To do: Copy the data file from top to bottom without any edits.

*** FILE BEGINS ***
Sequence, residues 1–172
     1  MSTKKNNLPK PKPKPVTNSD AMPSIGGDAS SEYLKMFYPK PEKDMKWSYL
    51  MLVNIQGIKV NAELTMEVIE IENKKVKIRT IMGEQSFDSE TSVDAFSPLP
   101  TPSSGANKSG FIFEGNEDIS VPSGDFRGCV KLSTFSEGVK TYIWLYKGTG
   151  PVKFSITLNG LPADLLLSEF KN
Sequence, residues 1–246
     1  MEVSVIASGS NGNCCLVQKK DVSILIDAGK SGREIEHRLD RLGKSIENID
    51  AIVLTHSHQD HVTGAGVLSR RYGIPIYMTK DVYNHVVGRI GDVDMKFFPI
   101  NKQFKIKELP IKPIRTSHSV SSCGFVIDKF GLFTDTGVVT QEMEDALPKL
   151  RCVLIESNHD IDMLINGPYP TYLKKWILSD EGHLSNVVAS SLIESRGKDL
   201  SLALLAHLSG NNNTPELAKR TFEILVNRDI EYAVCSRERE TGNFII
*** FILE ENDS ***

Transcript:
Sequence, residues 1–172
     1  MSTKKNNLPK PKPKPVTNSD AMPSIGGDAS SEYLKMFYPK PEKDMKWSYL
    51  MLVNIQGIKV NAELTMEVIE IENKKVKIRT IMGEQSFDSE TSVDAFSPLP
   101  TPSSGANKSG FIFEGNEDIS VPSGDFRGCV KLSTFSEGVK TYIWLYKGTG
   151  PVKFSITLNG LPADLLLSEF KN
Sequence, residues 1–246
     1  MEVSVIASGS NGNCCLVQKK DVSILIDAGK SGREIEHRLD RLGKSIENID
    51  AIVLTHSHQD HVTGAGVLSR RYGIPIYMTK DVYNHVVGRI GDVDMKFFPI
   101  NKQFKIKELP IKPIRTSHSV SSCGFVIDKF GLFTDTGVVT QEMEDALPKL
   151  RCVLIESNHD IDMLINGPYP TYLKKWILSD EGHLSNVVAS SLIESRGKDL
   201  SLALLAHLSG NNNTPELAKR TFEILVNRDI EYAVCSRERE TGNFII